Ukrainian forces appeared to make sweeping new gains Monday, piling pressure on Russian President Vladimir Putin as the Kremlin faced growing domestic unease over the state of its struggling military and the chaotic efforts to reinforce it.
Kyiv’s troops were pushing forward in the country’s east and south, threatening a major new breakthrough and forcing Putin's soldiers to retreat from territory he claimed to have annexed in a grand ceremony last week.
Moscow has matched its annexation claims with a call-up of reservists and new nuclear threats, a broad intervention that has not only threatened to escalate its clash with Ukraine’s Western allies, but also expose domestic vulnerabilities.
Russian lawmakers Monday ratified the illegal annexation of four partially occupied Ukrainian regions: Donetsk and Luhansk in the east, and Kherson and Zaporizhzhia in the south. But while the Kremlin said it had not yet determined where the borders for its newly claimed land would be established, the areas under its control were being rapidly pushed back.
Advances in the south and east
Moscow said its troops abandoned Lyman over the weekend to avoid encirclement, with Western officials and observers hailing Ukraine's recapture of the city in the eastern Donetsk region as a significant development that could pave the way for further advances.
Ukrainian President Volodymyr Zelenskyy also said his military had retaken two settlements in the southern Kherson region. “The successes of our soldiers are not limited to Lyman,” he said in a statement on Telegram on Sunday.
That was the first official sign of significant Ukrainian gains in the south, where Russia concentrated the majority of its forces to repel a long-touted counteroffensive — opening itself up to the surprise push in the northeast that has turned the tide of the war.
After weeks of slow progress and relentless artillery fire in the south, Ukraine seemed to be surging forward there as well.
“Superior enemy tank units succeeded in wedging into the depth of our defense," Russia's Defense Ministry said in an update on Telegram.
“The information is tense, let’s put it that way, because, yes there were indeed breakthroughs,” Vladimir Saldo, the Russian-installed leader in occupied parts of Kherson, told Russian state television, according to Reuters.
“There’s a settlement called Dudchany, right along the Dnieper River, and right there, in that region, there was a (Ukrainian) breakthrough,” he said. That would represent a major forward thrust of about 20 miles, threatening thousands of Russian troops on the west bank of the river.
Meanwhile, retaking Lyman allowed Ukrainian forces to advance into the neighboring Luhansk region.
Kyiv's troops "managed to cross the administrative border of the LPR and gain a foothold in the direction of the settlement of Lysychansk," said Andrii Marochko, a Russian-installed official in the self-proclaimed breakaway "Luhansk People's Republic."
Lysychansk is a key city that Russia seized after weeks of grinding battles earlier in the year.
Ukraine’s successes despite Russia’s proclaimed annexation have added to mounting pressure on Putin, with voices usually supportive of the Kremlin criticizing Russia's performance in the war.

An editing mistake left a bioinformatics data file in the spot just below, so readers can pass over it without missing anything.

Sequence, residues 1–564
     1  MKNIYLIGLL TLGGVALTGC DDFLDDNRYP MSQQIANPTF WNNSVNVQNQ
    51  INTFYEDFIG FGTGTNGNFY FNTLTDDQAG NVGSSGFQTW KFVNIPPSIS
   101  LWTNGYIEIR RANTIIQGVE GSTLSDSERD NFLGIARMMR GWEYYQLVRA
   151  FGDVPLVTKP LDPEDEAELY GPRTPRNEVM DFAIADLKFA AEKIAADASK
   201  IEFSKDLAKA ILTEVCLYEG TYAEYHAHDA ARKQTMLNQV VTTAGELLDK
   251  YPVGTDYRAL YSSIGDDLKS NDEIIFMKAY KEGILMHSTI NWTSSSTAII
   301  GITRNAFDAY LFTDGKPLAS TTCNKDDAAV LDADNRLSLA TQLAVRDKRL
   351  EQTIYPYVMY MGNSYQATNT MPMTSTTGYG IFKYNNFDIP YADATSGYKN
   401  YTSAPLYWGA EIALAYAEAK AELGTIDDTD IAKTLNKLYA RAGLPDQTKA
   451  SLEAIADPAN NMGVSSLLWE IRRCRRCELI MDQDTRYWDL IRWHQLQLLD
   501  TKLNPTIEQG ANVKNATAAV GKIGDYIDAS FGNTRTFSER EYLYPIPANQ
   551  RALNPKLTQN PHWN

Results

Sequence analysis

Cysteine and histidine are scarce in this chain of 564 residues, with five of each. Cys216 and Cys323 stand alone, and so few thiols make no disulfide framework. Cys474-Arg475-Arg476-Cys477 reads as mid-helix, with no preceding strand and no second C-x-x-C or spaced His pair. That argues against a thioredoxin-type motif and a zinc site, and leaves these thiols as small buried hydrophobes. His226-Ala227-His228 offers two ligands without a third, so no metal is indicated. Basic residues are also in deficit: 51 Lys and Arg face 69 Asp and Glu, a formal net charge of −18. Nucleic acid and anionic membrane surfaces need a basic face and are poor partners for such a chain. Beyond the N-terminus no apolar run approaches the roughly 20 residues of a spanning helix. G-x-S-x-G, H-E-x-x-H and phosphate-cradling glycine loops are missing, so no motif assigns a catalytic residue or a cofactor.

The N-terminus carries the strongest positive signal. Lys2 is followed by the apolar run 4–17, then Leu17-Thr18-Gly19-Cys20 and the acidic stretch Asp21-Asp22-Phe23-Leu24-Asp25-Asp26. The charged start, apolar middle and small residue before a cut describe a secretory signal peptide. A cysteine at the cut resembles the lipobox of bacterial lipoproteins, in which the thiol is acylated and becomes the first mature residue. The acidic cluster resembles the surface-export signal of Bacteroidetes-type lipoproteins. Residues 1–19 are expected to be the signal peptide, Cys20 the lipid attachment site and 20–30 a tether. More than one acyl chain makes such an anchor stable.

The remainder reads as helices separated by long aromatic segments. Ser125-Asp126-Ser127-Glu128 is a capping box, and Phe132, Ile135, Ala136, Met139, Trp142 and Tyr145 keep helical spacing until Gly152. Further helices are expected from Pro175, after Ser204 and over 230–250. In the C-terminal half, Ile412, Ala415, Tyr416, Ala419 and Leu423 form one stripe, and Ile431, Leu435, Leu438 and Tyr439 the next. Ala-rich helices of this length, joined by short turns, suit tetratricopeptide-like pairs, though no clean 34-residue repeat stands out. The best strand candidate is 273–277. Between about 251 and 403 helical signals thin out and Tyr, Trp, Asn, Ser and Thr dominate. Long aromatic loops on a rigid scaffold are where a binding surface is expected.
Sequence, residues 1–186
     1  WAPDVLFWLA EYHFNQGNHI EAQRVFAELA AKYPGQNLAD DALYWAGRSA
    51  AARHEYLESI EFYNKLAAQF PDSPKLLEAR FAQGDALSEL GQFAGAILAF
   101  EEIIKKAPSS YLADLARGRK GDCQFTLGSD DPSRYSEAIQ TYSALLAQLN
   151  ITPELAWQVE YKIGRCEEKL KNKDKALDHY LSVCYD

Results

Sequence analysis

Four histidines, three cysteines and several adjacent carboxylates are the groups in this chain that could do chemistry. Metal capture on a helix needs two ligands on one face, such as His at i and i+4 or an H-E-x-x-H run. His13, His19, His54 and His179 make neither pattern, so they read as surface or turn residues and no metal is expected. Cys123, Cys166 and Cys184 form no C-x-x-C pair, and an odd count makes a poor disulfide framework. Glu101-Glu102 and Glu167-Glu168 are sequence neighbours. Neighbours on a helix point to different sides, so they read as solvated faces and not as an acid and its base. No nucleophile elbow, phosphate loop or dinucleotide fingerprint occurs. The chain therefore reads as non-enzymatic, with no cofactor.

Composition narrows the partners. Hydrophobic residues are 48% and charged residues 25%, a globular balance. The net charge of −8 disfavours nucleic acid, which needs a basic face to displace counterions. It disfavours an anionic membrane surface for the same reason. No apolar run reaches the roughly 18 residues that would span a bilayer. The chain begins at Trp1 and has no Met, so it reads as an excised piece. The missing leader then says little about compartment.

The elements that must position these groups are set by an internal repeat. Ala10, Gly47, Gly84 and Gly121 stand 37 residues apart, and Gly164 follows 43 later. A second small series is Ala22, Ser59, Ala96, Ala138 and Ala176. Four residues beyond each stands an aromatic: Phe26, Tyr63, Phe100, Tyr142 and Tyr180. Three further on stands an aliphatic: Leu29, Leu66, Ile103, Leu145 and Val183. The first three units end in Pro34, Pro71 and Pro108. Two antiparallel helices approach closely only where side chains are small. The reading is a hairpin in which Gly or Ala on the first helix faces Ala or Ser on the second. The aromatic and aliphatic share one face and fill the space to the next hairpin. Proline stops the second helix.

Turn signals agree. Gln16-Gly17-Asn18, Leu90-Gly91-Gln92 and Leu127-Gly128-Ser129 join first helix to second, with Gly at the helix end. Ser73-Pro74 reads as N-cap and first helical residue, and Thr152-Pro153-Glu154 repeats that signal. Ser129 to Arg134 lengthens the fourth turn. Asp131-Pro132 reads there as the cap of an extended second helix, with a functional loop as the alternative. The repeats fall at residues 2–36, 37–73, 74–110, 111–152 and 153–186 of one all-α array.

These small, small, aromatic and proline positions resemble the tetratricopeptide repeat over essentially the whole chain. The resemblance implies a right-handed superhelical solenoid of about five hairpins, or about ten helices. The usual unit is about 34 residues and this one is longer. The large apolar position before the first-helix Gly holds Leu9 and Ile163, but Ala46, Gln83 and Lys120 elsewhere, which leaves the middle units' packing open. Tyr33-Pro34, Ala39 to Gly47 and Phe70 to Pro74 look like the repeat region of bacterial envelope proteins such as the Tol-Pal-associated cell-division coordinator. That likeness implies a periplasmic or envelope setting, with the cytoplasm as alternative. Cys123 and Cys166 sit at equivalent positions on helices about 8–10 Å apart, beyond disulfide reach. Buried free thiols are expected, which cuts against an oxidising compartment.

“The Russian defeat in Kharkiv Oblast and Lyman, combined with the Kremlin’s failure to conduct partial mobilization effectively and fairly are fundamentally changing the Russian information space,” the Institute for the Study of War said in its latest update.
The discussion of the conflict “has significantly deviated from the narratives preferred by the Kremlin and the Russian Ministry of Defense (MoD) that things are generally under control,” the U.S.-based military think thank added.
The country's state media has reflected the increasingly pessimistic tone.
“For a certain period of time, things won’t be easy for us. We shouldn’t be expecting good news right now,” Vladimir Solovyov, the most prominent presenter on state TV, said Sunday.
Dmitry Sablin, a senior lawmaker, said on Solovyov's show that Russian forces needed to “stop and regroup” and were facing all sorts of shortages.
Nationalist Russian military bloggers have turned in recent days to criticizing the direction of the war, with many reporting on the latest battlefield setbacks.
“When this many Russian channels are sounding the alarm, it usually means they’re in trouble,” Rob Lee, a senior fellow at the Foreign Policy Research Institute, a think tank, said on Twitter.
Putin has sought to boost his ailing forces by calling up hundreds of thousands of men, a partial mobilization that has been marked by chaotic conscription efforts and an exodus of many fleeing the draft.
Around half of the soldiers conscripted in one region of Russia's far east were sent home after being deemed unfit to serve in the army, the local governor announced Monday.
The military commissar of the region was also removed from his position, Khabarovsk Gov. Mikahil Degtyarev said in a statement on his Telegram channel.
"The Kremlin’s declaration of partial mobilization exposed the general Russian public to the consequences of the defeat around Kharkiv and then at Lyman, shattering the Kremlin’s efforts to portray the war as limited and generally successful," the Institute for the Study of War said.
In a further sign of uncertainty, it remained unclear exactly what land Russia claimed to be annexing in Ukraine's east and south.
"We will continue to consult with the population of these regions on the borders,” Kremlin spokesman Dmitry Peskov said Monday in response to a question on the subject.
Putin has vowed to use “all available means” to defend the territory he was co-opting, an implied threat of nuclear war to defend his fragile grip on the annexed territory. That grip appeared to be loosening further with each new update.